As an enneagram 4w5, education is one of my most treasured values. I loooove learning—especially when growing my business is involved!
So, it would come as no shock to you that I love an online course; in fact, I wish they had been more popular in the early 2010’s so that I might have considered doing courses instead of college! But, life plays out how it’s supposed to, and here we are.
It’s also no secret that online courses get a bad rap. If you’ve spent any time on TikTok, you know how critical people can be about courses and course creators. (It’s all a scam, they just want you to spend money, yadda yadda.)
And they think that for a reason. There’s a good chance you’ve heard of a scammy course & creator that wasn’t up to snuff (and instead, just had a really really good sales page).
BUT. I love courses. Courses have helped me build a business & a life I’m proud of. And I’m the kind of person who really thrives from an educational setting, especially when there’s a community attached. However, I’ve also never had a negative course experience, and I attribute that to being really good at scoping out a bad course when I see one.
So, without further ado, here are 5 questions & criteria I look for before purchasing an online course.
Will the course content solve a direct problem you’re already having?
If you’re anything like me, you’re easily influenced by a sales page. (And yes, I’m a web designer, so I understand how wild that sounds!)
The thing is, if the copywriter has done their job right, you’ll be wanting to click “add to cart” before you even have time to question whether or not you need the info.
I can’t tell you how many times I’ve been reading through some sales page copy and thought to myself, “wow, this sounds amazing!” only to realize later that I’m not even the target audience. (I’m really telling on myself here.)
So, before you take out that CC, sleep on it and ask yourself, “Will the content in this course solve a problem I’m already having?” Or, were you convinced you have a problem by the sales page itself?
Is the course creator established in their field?
I’m a part of a lot of business facebook groups, and something that I’ve picked up about the coaching & consulting world is that “you only need to be one step ahead of someone to teach them something.”
That’s all fine and good, because of course, how does one define an “expert”, anyway?
However, when purchasing a course, you’ll get a bigger bang for your buck if you go straight for a course (or creator) that’s tested and true. (Plus, the people who are deemed industry experts usually bring in some knowledgeable guest teachers to speak about adjacent topics.)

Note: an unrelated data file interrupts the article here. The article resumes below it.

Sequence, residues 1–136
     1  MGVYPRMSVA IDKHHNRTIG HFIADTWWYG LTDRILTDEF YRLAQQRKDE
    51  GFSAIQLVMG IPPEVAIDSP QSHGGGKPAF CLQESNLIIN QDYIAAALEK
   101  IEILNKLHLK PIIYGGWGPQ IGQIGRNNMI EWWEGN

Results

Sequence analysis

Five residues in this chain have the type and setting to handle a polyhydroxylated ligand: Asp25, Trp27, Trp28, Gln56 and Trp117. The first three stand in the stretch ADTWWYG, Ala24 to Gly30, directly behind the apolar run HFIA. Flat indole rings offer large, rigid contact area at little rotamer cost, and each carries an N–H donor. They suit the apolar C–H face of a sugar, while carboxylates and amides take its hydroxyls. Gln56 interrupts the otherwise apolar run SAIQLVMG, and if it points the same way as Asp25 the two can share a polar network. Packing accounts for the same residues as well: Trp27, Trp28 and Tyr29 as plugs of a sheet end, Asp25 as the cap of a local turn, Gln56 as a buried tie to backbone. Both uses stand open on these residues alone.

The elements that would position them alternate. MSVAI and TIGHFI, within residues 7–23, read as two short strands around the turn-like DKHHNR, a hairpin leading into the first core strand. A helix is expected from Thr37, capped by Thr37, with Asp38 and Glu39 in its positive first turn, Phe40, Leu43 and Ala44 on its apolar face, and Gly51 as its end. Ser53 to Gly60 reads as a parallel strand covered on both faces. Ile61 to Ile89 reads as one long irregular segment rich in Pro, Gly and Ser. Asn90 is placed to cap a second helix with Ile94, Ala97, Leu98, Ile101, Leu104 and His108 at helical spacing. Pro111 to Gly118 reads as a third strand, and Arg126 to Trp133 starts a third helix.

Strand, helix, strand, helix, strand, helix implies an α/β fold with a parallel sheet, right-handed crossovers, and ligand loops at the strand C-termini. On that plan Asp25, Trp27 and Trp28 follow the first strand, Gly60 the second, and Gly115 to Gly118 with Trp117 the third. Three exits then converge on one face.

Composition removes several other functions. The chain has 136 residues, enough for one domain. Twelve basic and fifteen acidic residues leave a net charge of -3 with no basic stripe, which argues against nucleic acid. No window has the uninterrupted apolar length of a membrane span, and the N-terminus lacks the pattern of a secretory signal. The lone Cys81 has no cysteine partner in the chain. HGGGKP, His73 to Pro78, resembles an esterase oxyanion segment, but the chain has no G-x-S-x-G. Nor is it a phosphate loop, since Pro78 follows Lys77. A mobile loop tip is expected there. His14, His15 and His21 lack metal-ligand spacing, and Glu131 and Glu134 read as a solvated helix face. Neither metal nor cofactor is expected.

So, before you buy that course, poke around on the internet. Is this person established? Have they been doing this a while? Do other people validate their skill?
And along with that…
Have they solved this problem for themselves (or others) before?
And by that I mean, do they have case studies that show actual results? Have past students made their investment back by using their tried and true methods?
If so, this info won’t be hard to find. It’ll be all over their sales page. But if you can’t find any stats (or even qualitative!) results, then you might want to be a little more critical.
If you want to do some *real* due diligence, you can reach out to any past students that were featured on the sales page and ask if the course was worth it. (One time, I was used as a “success story” for an acting class I took and absolutely hated. I wish people had reached out to ask me if I actually thought the class was worth it.)
Do they have a content breakdown on the sales page? And if so, does it excite you?
Any good course creator knows that potential students want to know exactly what they’re gonna learn. So, if the sales page doesn’t have a breakdown of all the modules, I would see if you can email to get your hands on one.
If the sales page does have a module breakdown, does it excite you? Will it help solve your original problem? Will you enjoy the process of learning?
There’s too many courses on the internet now to be bored while learning. You deserve to learn the info from someone who you not only respect, but are inspired by as well.
Do you have a plan to make your investment back if it doesn’t end up being a good purchase?
You could check off every question in this guide and still end up with a bad course. That’s because buying courses (just like buying… well… anything!) is a gamble.
But, the difference between buying a bad course and buying a bad brand of mac and cheese at the grocery store? A lot of money. While some online courses run for cheap, others run for thousands. Can you afford a dud?
Bonus Tip: Follow & Wait
If you’re really going back and forth on whether or not to buy something, follow the creator’s content (either on Instagram, their email list, whatever!) & wait a week.
That way, you can scope out how much value they provide for free and get a good gauge on how valuable their paid content might be.
And if you’re still thinking about the course a week later, that might be a good sign that it’s time to take the leap and hit “purchase”.
When you know what to look out for, online courses can be an incredible way to learn new skills, grow your biz, & expand your network. If you found this post helpful, reach out and let me know! I’d love to connect.
Hey, I'm Sarah Kleist.
Brand builder, website designer, and performing artist on a mission to help creatives and business owners step into their digital spotlight.
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